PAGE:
Notes to the financial statements: principles
A. Accounting principles
The present financial statements were prepared in accordance with the provisions of Swiss financial reporting law (Title Thirty-Two of the Code of Obligations).
B. Accounting and valuation principles
The main items are recognised as follows:
Cash and cash equivalents
Cash and cash equivalents comprise cash holdings and bank and postal account balances, and are recognised on the balance sheet at nominal value.
Current assets with a stock exchange price
Derivative financial instruments held for trading with a directly observable market price or directly observable input parameters are recognised at fair value. Fluctuation reserves are not created.
Future cash flows in foreign currencies can be hedged. The corresponding derivative is recognised in profit or loss on the occurrence of the underlying transaction.
Trade accounts receivable
Trade accounts receivable are recognised at nominal value and impaired if necessary. The amount at the end of the period may be subjected to a flat rate impairment at a rate accepted for tax purposes.
Other receivables are measured at nominal values. Any counterparty risks are accounted for by means of necessary impairment.
Inventories and non-invoiced services
Inventories and non-invoiced services are recognised at acquisition or production cost taking account of economically necessary impairments. Otherwise impairment may be done at a rate accepted for tax purposes.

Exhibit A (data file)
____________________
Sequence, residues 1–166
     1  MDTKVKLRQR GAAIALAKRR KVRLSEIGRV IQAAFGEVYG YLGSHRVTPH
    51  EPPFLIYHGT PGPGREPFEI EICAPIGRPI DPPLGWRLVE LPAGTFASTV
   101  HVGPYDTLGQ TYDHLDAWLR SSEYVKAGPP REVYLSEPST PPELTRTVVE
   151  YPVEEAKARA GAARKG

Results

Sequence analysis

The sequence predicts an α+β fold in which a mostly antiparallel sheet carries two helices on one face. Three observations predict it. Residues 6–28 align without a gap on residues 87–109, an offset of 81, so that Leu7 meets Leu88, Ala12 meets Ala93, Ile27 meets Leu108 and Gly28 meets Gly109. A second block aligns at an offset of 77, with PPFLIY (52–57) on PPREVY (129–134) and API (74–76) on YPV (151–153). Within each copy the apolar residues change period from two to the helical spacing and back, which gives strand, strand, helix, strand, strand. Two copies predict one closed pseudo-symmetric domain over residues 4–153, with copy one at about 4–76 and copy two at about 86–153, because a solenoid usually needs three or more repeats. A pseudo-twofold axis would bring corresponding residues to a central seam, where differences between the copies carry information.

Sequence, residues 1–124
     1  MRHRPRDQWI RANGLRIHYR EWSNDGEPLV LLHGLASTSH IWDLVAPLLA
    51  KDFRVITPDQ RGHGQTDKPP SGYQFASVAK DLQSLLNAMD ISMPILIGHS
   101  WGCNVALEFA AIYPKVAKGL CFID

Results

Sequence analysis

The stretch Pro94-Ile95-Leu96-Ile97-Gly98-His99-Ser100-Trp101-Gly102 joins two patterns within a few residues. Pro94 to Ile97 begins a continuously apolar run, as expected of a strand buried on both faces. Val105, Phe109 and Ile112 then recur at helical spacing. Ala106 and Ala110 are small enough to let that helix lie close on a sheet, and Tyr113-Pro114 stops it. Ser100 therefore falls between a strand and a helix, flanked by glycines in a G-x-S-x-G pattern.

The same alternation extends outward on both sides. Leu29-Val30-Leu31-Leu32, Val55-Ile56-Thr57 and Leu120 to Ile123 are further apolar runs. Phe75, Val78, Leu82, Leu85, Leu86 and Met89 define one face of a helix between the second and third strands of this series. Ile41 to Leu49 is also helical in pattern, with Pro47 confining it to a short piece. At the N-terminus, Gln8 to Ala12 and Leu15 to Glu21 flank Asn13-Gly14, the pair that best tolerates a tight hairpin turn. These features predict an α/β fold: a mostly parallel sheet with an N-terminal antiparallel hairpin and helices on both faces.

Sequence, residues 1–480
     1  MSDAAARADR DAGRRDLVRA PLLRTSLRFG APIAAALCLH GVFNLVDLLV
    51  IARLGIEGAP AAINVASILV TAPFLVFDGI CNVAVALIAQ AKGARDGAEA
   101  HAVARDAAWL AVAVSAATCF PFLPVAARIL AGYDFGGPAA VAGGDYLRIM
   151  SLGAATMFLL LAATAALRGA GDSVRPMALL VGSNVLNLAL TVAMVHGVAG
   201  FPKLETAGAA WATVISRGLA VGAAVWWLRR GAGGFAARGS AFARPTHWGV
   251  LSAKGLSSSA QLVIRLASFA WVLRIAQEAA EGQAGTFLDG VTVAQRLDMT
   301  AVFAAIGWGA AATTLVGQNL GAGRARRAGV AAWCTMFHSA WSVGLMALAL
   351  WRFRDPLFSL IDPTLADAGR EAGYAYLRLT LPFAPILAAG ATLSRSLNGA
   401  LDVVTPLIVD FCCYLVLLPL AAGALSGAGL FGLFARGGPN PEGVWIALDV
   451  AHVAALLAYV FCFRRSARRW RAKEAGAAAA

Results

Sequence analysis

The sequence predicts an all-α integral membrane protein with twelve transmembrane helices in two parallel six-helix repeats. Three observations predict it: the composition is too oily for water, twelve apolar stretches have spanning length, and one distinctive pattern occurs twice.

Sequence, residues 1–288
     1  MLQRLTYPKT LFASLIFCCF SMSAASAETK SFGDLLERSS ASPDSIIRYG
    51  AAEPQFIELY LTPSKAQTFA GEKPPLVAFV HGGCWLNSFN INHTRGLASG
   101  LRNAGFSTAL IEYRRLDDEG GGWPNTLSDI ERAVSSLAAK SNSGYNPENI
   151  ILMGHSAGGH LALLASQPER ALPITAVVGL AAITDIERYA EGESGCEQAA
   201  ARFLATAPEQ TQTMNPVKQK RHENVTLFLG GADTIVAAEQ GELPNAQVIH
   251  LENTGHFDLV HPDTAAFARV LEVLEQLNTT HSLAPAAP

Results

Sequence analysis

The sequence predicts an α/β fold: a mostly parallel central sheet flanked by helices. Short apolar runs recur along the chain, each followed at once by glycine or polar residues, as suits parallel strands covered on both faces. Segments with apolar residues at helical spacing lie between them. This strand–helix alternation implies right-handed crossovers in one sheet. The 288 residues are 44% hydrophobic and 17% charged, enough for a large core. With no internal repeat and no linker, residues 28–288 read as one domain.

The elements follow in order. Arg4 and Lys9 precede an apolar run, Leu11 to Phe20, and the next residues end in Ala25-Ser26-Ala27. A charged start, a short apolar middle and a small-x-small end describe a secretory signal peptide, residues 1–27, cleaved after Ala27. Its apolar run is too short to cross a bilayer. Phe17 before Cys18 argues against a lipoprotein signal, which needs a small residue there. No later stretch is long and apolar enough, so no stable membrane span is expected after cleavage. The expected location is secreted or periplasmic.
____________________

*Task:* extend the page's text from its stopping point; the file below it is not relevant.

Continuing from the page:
Prepaid expenses and accrued income/deferred income and accrued expenses
Prepaid expenses and accrued income/deferred income and accrued expenses comprise the asset and liability items resulting from the accrual and deferral of individual items of expense and income in accordance with the accrual and matching principle. The origination costs of interest-bearing liabilities are capitalised under prepaid expenses and accrued income. Prepaid expenses and accrued income/deferred income and accrued expenses are recognised at nominal values.
Financial assets and shareholdings
Financial assets and shareholdings are recognised at cost taking account of necessary impairment. Financial assets and shareholdings are measured on a unit of account basis.
Tangible assets are recognised at acquisition or production cost less accumulated depreciation and any impairment losses. Amortisation is done on a straight-line basis over the subsequent useful life.
Intangible assets are amortised on a straight-line basis. If there are indications of overvaluation, necessary impairments are taken into account.
Current liabilities are recognised at nominal value.
Non-current liabilities comprise a) long-term, interest-bearing financial liabilities at nominal value and b) other non-interest-bearing long-term liabilities.
A provision is a probable liability on the basis of a past event; the amount of the liability and/or the date on which it will fall due is uncertain but can be estimated. The amount of provisions is based on the management’s assessment, and reflects the future outflows of funds that can be anticipated as of the balance sheet date.
Treasury shares are recognised as a negative item in shareholders’ equity on the date of acquisition, without any subsequent measurement. On resale the profit or less is booked directly to free reserves from earnings.